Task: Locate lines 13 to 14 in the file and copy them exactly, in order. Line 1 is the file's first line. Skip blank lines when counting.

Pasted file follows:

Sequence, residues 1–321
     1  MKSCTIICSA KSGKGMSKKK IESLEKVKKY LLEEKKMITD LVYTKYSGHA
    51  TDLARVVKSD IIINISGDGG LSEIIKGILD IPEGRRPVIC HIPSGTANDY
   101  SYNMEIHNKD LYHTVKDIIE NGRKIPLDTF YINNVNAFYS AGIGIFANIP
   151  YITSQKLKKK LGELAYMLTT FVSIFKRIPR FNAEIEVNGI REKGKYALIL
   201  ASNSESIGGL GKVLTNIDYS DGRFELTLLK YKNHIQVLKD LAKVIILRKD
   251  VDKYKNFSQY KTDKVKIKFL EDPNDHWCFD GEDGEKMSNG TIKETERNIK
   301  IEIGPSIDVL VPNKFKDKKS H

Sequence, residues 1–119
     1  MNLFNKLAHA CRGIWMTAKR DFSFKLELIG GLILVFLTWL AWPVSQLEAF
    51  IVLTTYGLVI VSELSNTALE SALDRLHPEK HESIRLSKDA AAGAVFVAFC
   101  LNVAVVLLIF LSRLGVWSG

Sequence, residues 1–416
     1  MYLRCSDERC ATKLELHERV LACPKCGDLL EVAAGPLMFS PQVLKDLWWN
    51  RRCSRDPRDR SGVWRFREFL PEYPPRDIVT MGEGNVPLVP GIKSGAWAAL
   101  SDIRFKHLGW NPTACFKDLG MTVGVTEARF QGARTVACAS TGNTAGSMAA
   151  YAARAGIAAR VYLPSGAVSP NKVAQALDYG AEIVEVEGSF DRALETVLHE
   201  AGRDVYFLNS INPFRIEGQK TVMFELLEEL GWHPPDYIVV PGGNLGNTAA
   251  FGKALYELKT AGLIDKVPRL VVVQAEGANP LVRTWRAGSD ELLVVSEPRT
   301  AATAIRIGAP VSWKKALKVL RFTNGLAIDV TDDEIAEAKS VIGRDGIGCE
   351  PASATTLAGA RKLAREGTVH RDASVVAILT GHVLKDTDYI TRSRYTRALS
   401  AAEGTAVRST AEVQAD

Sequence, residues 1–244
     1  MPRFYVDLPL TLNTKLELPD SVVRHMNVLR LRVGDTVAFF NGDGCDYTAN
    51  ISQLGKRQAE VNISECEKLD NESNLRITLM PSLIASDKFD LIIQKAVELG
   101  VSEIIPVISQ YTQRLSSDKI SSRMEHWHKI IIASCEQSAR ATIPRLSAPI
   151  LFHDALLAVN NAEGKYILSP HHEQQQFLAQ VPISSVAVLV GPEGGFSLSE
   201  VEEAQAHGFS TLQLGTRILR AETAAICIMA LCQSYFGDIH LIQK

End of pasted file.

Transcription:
Sequence, residues 1–416
     1  MYLRCSDERC ATKLELHERV LACPKCGDLL EVAAGPLMFS PQVLKDLWWN